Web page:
For the later model 95-up OHV's using the larger SOHC maf which is 65mm in Diameter works great. If you just have to have something larger then get a 99-04 Mustang GT MAF which is 80mm in diameter and is all you will ever need, the 90mm that everyone loves to beat their chest about is too large for a 4.0 OHV and is like using 42's. THere again don't get calibrated MAF's for these year models but rather since these are EEC5 you can have the PCM recalibrated for the larger injectors. BUT remember, if you swap injectors then you need a dynotune or atleast a tune using a wideband to get it right, there's no way around this.

Same goes for tuning, for the 90-94 using the right MAF you really won't need much tuning, except for s/c applications then you will need a custom dynotune. You wont find anyone who will do a mail order chip for s/c applications for EEC4, and if you do then you don't want it.(Just ask Bird
The 95-00 is a great PCM system with datalogging and reprogramming abilities and can be mail order tuned n/a with stock injectors and MAF but if you change either you will need dynotuning. Same goes for S/C tuning.
A few things I can thing of right off my head, you can swap cams with the heads on but you cannot remove the lifters, just wire them up. Don't spend alot of time ported the lower intake as its not a huge restriction. The SOHC under drive pulley works on the OHV but even on the SOHC's I've tried it on it doesn't make much if any HP. The C4 transmission is best behind it as it will hold more hp then it will make, if built of course. The 700 R4 is an option as well from Advanced Adapters and will do the same but with overdrive.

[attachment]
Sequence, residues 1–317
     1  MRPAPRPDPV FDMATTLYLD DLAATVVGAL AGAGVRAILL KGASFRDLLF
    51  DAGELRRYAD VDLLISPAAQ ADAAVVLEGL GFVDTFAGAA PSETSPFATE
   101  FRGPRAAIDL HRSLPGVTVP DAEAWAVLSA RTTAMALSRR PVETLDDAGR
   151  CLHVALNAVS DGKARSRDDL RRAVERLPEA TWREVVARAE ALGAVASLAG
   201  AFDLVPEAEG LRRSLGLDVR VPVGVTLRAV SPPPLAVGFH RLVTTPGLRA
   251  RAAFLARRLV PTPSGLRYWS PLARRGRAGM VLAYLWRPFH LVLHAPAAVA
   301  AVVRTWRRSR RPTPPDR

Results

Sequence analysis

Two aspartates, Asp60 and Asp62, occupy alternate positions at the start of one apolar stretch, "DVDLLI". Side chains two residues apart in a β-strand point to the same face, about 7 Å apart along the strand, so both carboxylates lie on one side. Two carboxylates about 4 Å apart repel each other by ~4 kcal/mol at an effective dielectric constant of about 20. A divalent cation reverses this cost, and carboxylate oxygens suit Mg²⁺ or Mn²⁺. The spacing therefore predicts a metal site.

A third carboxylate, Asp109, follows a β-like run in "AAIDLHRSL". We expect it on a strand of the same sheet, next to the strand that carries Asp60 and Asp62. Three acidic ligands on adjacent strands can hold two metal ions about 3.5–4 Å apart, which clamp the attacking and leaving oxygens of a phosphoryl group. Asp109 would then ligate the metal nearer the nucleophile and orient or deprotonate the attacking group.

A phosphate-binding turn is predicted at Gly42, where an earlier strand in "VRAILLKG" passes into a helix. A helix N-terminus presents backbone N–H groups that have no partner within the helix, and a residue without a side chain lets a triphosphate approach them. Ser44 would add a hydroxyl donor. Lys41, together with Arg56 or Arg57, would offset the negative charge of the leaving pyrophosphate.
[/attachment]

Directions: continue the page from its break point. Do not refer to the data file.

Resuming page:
The main thing to remember with the OHV, it's not made to turn 6000rpm's so with each mod you plan review the operating RPM and the gains in which the mods makes it set to make it in.

** I forgot to mention the blocks and their construction and year models. The 4.0 has a 3.952 bore standard, and as tempting as it may sound to do a 4.00 bore and use just about any standard off the shelf Forged piston ONLY the 90-94 blocks will safely hold a .048 overbore. The later 95-97 and 98-00 blocks were made from a different material and weren't as strong and could only hold a .030 overbore safely.

Also, you can't use a early model block, 90-94, in a 95-00 truck because they didn't have the casting for the motor mounts from the later model trucks in the side of the block. In other words there's no enough holes in the block for the bolts for the later model trucks.